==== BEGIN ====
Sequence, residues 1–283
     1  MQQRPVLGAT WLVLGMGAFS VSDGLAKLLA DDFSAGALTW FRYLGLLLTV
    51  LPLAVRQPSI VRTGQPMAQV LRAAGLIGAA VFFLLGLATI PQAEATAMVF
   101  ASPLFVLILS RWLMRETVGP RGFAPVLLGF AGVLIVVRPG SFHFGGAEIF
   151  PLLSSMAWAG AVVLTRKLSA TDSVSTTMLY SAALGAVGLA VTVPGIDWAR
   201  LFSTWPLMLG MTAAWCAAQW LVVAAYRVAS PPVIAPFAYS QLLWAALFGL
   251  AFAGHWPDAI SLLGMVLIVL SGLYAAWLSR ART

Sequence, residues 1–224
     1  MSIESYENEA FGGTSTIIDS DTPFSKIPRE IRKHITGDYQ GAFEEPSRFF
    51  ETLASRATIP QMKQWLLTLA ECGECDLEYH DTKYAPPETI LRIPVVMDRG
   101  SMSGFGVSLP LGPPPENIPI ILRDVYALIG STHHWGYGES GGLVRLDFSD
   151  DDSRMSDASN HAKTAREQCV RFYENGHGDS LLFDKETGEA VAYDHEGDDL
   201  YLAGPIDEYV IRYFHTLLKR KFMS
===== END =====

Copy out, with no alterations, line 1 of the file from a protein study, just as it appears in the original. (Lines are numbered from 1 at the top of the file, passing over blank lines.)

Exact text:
Sequence, residues 1–283